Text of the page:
Careers with the Central Intelligence Agency: Get the Inside Scoop

If you’re looking to make a difference in your career, you might want to consider the global career opportunities at the Central Intelligence Agency (CIA). The CIA is actively recruiting for the important job of keeping America safe. The mission of the CIA is to preempt threats and further U.S. national security objectives by collecting intelligence that matters, producing objective all-source analysis, conducting effective covert action as directed by the President, and safeguarding the secrets that help keep our Nation safe. The agency hires individuals from a wide variety of academic and professional backgrounds to serve in roles both in the U.S. and overseas.

On Thursday, September 6, 2018, UMUC hosted several CIA recruiters at its Academic Center in Largo who were recruiting for a variety of divisions across the Agency. Below are a few insights the CIA officers shared during the event. The CIA team shared details about working with the agency, the application process, and applicant requirements. The applicant requirements include:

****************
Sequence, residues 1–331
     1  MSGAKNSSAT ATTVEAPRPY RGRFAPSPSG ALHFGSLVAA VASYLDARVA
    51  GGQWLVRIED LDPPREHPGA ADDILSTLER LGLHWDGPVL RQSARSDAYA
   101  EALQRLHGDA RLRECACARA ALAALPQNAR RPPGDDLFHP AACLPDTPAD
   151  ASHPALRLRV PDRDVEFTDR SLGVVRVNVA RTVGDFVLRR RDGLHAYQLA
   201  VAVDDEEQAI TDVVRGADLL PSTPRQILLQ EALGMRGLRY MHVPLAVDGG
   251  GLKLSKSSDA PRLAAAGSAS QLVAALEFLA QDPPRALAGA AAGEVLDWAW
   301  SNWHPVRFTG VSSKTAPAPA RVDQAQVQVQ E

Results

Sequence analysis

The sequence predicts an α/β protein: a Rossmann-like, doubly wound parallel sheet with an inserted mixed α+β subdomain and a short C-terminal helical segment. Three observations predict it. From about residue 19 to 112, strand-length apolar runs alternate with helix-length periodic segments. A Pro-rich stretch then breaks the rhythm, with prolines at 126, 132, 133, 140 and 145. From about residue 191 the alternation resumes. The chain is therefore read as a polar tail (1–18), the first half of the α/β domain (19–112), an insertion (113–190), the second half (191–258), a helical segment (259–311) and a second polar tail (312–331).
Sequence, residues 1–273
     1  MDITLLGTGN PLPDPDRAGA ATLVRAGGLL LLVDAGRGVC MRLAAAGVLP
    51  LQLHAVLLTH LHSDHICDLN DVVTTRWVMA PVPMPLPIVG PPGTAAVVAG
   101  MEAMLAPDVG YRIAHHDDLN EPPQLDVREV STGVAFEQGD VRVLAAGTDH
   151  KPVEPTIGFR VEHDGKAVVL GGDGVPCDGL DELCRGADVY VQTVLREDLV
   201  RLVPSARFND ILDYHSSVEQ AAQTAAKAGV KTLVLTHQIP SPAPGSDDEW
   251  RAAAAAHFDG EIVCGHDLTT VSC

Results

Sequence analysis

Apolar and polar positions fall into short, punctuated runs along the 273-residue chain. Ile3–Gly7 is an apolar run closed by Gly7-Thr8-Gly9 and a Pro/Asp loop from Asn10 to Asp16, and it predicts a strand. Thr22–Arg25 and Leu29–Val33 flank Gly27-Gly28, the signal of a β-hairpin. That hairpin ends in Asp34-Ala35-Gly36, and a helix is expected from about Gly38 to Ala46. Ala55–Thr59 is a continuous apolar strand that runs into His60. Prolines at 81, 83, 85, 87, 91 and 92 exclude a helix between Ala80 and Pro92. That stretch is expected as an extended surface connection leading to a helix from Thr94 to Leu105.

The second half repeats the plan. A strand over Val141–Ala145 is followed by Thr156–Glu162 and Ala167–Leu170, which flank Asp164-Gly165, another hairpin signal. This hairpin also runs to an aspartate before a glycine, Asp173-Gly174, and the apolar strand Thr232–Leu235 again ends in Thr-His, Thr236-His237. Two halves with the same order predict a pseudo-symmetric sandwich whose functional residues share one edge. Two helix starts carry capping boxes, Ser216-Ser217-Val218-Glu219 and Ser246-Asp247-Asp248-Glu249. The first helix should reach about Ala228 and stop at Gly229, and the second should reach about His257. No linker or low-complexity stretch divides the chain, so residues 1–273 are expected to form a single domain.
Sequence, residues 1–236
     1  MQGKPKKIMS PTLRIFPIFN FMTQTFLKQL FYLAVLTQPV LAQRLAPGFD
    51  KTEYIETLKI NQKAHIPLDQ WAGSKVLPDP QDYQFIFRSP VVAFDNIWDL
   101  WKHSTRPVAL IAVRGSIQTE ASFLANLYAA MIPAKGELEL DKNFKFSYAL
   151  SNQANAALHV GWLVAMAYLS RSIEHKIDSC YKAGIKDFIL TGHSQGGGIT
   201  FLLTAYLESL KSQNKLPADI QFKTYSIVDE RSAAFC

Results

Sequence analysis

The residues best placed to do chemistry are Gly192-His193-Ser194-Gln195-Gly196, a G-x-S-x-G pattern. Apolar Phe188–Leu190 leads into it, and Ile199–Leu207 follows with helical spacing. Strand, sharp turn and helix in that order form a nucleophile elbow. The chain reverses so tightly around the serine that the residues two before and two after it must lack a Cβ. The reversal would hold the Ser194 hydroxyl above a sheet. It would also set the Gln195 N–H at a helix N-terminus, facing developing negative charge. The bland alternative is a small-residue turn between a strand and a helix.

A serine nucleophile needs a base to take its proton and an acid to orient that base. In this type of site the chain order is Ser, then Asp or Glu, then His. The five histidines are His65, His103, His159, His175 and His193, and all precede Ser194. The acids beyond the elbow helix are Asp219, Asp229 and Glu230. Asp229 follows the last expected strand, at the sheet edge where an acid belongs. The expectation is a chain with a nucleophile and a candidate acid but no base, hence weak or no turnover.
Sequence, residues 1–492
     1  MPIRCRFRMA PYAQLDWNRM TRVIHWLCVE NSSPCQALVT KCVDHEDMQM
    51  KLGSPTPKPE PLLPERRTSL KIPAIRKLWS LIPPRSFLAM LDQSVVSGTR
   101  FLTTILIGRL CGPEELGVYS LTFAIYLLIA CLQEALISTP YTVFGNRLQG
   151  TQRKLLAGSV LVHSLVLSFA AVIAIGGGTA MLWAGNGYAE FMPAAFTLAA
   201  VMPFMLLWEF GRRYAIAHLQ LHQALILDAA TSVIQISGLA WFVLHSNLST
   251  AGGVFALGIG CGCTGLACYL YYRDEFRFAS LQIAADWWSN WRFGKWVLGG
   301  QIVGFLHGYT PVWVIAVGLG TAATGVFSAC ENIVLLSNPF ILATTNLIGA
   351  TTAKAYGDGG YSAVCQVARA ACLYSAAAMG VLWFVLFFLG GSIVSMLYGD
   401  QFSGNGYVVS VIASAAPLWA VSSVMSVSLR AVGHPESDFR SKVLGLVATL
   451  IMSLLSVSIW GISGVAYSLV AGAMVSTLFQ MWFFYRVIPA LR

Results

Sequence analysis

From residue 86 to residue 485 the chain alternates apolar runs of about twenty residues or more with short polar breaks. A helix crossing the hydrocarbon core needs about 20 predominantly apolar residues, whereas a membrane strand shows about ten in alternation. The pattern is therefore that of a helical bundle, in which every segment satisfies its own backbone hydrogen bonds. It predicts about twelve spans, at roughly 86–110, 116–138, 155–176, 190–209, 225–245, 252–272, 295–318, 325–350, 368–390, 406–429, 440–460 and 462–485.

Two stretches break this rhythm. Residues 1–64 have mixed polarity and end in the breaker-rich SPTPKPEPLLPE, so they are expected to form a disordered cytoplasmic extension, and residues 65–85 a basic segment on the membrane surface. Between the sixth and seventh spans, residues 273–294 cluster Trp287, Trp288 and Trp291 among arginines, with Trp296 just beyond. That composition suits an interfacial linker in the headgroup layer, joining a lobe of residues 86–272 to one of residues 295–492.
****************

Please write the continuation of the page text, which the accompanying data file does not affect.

• Must be a U.S. citizen — dual citizens are eligible
  • Willing to relocate to the Washington, DC area
  • Must be able to complete security and medical evaluations including:
    • Position suitability assessment
    • Physical and psychological examination
    • Polygraph interview
    • Background investigation

Other characteristics noted as important were integrity, curiosity, initiative, motivation, teamwork, communication skills, critical thinking, and common sense. All CIA team members are guided by the Agency’s professional ethos and guiding principle to keep secrets. In many roles within the CIA, officers are unable to talk about the work they are doing even to close family members or spouses.

There are several factors that would immediately prevent an applicant from being hired at the CIA. These include:

  • Drug use 12 months prior to application
  • Pending criminal charges
  • Felony convictions
  • Dishonorable discharge from the military
  • Future illegal downloading

The recruiters also advised that applicants be candid with background investigators realizing that many candidates may have past infractions, so “we look at the whole person.”

The application process for the CIA could take up to a year or more, so planning ahead is critical. Here is the process you can expect to complete:

  • Apply onlineat https://www.cia.gov/careers/. Keep in mind that you only have 72 hours to complete your application on the CIA’s system once it is started, so consider drafting your resume and cover letter (if required) before starting your online application. Check out the job posting on the CIA website to see what documents are required. You can apply for up to four positions per application. The CIA has also begun to advertise some of its positions on USAJobs with LINKS back to gov to complete the application.